- Alert your credit or debit card issuer if you do not receive your statement; someone may be stealing your mail.
- Do not give your personal information to anyone until you have confirmed the identity of the person and verified that you need to provide the information.
- Check your credit reports on a regular basis.
- Put passwords on your accounts, but do not use something easily available, such as your mother’s maiden name or your date of birth.
If your wallet or credit and debit cards are lost or stolen, or if you suspect identity theft, then you should notify the credit or debit card issuers immediately. This is easier to accomplish if you have kept a list of your card numbers and the toll free telephone numbers of the credit card and debit issuers. Keep this list in a place where you can find it, or subscribe to a registry. You should also immediately file a police report where your wallet or credit or debit cards were lost or stolen. This will prove to the credit and debit card issuers that you were diligent, and this will be the first step toward an investigation. If you think your mail was stolen, then contact the U.S. Postal Service. You should also phone the Social Security Administration’s (“SSA”) fraud line at 800-269-0271 to notify the SSA that someone may be using your Social Security number.
You should also notify the three major credit reporting agencies to place a fraud or identity theft alert on your accounts. This is important because thieves may apply over the Internet for credit in your name. This alert will tell any company that is checking your credit in order to issue new credit in your name that your information was stolen. They will have to contact you by telephone to authorize new credit. The names and phone numbers for the three major credit reporting agencies are:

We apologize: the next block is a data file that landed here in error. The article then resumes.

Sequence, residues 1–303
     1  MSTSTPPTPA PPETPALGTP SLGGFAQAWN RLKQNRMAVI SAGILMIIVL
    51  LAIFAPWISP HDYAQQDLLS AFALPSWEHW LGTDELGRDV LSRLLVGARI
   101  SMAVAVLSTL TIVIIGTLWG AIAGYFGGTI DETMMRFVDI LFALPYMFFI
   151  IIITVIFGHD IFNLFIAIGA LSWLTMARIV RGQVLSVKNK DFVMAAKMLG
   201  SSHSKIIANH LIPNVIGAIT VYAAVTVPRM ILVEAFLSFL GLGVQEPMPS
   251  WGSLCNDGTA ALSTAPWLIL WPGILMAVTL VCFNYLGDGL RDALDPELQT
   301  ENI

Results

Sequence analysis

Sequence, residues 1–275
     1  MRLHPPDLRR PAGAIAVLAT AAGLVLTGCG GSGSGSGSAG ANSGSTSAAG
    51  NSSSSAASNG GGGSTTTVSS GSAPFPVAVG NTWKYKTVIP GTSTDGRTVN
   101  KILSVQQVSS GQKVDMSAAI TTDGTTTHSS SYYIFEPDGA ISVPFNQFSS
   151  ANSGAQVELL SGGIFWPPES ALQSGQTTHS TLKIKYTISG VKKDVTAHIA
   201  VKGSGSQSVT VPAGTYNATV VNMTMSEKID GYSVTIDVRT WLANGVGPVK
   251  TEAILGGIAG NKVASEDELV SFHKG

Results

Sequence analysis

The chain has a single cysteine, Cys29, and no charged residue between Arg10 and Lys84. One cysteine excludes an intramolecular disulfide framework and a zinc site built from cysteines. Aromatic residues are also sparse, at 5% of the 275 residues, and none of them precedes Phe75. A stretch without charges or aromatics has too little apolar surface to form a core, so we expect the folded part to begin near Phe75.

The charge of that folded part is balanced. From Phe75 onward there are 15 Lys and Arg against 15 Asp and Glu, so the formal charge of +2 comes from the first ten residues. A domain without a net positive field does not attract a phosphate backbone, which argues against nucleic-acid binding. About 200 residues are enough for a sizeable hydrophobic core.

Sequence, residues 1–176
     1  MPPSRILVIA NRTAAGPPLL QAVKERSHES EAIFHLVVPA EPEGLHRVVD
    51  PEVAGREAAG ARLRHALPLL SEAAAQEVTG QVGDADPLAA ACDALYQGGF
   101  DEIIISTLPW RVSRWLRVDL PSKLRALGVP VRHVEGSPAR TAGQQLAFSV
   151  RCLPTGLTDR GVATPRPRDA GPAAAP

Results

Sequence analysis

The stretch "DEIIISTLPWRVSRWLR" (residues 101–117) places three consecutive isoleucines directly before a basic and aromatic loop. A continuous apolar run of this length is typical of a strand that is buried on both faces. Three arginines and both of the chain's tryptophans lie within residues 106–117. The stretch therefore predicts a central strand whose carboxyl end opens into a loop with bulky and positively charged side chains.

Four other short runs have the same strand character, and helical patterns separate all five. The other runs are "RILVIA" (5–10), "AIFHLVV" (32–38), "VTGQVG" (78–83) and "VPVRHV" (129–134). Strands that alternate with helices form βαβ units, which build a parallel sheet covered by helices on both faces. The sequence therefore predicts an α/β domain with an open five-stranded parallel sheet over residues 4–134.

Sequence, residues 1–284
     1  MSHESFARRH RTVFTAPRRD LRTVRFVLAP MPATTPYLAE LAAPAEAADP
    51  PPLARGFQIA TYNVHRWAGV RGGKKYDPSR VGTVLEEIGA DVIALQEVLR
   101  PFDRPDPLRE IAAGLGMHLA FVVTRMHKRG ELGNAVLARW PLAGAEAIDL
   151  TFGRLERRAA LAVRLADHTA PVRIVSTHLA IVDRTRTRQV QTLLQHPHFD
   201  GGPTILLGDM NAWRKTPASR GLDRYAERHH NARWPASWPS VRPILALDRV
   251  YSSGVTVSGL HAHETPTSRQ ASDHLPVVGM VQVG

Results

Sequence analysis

Trans Union: 800-680-7289
You can order copies of your credit reports from each of these agencies, and review the credit reports to see if any new accounts in your name have been opened fraudulently. You can receive a free copy of your credit report once every 12 months from each of the three major credit reporting agencies. There is one central website for this:www.annualcreditreport.com, and one toll-free phone number: 877-322-8228. If you want to mail a request for a free credit report, then you can download the form at www.ftc.gov/credit, complete it, and mail it to P. O. Box 105281, Atlanta, Georgia 30348-5281. Do not contact the credit reporting bureaus individually for your free report. If you receive an e-mail purporting to be from www.annualcreditreport.com asking for personal information, it is probably a scam, and you should not respond to it. You can forward the e-mail to the Federal Trade Commission’s database of deceptive spam at email@example.com .